The impact of postgraduate qualifications on employment prospects by Erika Kispeter
Erika Kispeter gave a talk at the Westminster Higher Education Policy Conference online event entitled The graduate labour market post COVID-19 on 20 October 2020. Erika’s talk, entitled “The impact of postgraduate qualifications on employment prospects” drew on the results of the recently completed Stage 5 of Futuretrack.
The conference explored how university careers services, employers and policy makers should prepare students for employment in the UK in the wake of the Covid-19 pandemic, bringing together perspectives from researchers, leading careers services professionals and representatives of student organisations.
Erika’s presentation described Futuretrack participants’ engagement in postgraduate study and contrasted the current labour market position of participants who have completed further formal qualifications with those who have not done further study since graduation. Questions and comments from the audience and fellow presenters highlighted the value of the unique evidence that Futuretrack can provide about longer term graduate career outcomes.
Survey closes Friday 2nd March
We are now in the last week of the survey, so if you haven’t yet taken part, we invite you to do so NOW, before it is too late! You could win one of our cash prizes, but more importantly, you will be contributing to building a full picture of the labour market and a deeper understanding of the relationship between higher education and employment.
We’ve had an impressive response rate so far, but we want to be as representative as possible. Please pass this message on to anyone you know who is eligible to take the survey – remember, it is open to all who applied to full-time higher education through UCAS in the academic year 2005/06.
Students Skills Development and Perceptions paper now available online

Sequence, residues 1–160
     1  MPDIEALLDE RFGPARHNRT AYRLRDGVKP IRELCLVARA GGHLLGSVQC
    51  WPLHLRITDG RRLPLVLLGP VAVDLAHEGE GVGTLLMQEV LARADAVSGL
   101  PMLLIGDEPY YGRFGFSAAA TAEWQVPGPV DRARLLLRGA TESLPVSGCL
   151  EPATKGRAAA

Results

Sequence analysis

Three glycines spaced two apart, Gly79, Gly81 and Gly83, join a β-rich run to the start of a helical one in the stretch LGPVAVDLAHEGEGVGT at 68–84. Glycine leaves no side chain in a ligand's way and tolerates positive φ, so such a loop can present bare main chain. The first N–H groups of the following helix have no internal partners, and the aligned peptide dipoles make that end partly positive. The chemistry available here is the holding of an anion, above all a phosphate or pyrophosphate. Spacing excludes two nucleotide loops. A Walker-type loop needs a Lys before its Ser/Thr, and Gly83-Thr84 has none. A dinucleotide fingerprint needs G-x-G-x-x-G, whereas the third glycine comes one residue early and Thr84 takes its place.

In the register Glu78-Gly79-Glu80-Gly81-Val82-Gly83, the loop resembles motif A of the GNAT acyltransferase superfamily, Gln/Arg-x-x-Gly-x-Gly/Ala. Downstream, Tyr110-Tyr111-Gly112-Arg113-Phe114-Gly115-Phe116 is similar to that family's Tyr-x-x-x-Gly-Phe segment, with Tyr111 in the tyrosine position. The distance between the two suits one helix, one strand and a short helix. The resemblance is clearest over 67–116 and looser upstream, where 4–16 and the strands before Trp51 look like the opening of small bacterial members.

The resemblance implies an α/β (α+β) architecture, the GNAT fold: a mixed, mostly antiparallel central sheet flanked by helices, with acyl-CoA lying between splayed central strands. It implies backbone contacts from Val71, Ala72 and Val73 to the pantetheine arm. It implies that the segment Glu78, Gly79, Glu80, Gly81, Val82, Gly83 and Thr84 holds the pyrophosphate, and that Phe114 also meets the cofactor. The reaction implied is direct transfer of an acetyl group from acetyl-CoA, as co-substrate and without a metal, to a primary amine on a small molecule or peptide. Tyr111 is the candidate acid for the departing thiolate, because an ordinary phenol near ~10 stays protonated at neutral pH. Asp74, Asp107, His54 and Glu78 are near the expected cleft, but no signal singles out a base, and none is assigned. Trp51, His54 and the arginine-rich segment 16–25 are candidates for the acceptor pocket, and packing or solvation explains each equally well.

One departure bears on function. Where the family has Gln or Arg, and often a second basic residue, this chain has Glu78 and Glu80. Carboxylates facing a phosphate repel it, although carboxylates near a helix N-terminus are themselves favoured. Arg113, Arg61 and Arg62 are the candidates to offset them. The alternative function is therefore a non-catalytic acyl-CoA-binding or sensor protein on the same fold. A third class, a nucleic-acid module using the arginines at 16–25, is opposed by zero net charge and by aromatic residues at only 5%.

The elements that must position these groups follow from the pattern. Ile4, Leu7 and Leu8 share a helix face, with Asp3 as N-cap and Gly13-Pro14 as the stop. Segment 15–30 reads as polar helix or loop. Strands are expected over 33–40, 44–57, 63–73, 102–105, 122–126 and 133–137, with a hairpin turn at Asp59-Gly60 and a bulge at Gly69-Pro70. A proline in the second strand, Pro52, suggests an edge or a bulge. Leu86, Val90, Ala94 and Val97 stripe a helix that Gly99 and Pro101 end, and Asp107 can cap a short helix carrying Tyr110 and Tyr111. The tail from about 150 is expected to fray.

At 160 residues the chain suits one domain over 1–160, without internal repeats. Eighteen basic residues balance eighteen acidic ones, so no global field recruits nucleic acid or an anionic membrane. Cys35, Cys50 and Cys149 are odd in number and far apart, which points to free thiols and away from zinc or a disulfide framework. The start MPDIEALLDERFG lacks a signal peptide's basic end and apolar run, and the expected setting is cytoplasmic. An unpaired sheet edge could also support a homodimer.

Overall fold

The working paper on Skills Development and Perceptions from the Futuretrack project is now up online! This paper looks at final year undergraduate students’ perceptions of the skills they have to offer and the skills they think are sought by employers.
In particular, the issues discussed are:
• Students’ beliefs about the extent to which they personally possessed key skills
• Students’ perceptions of skills developed on courses
• The main skills students considered employers seek in graduate recruits
• The extent to which students believed they had the skills and qualities that graduate employers seek
Key findings include:
• The majority of final year students rated their skills as at least adequate in all areas and most were confident of their skills and knowledge.
• Between 80 and 90 per cent of students reported that their research skills, specialist knowledge, critical analysis, and ability to apply knowledge had been developed ‘very much’ or ‘quite a lot’ as part of their course.
• Almost three quarters of final year students thought that the experience of being a student had made them more employable than they would otherwise have been, and more than 80 per cent agreed to a greater or lesser extent that the experience of being a student had enhanced their social and intellectual capabilities more broadly.
• As they approached the end of their undergraduate courses, over 80 per cent of respondents believed that they have the skills employers are likely to be looking for when recruiting for the kind of jobs they wanted to apply for.
Read the full paper here: http://go.warwick.ac.uk/futuretrack/findings/ft3.1_wp4_skills.pdf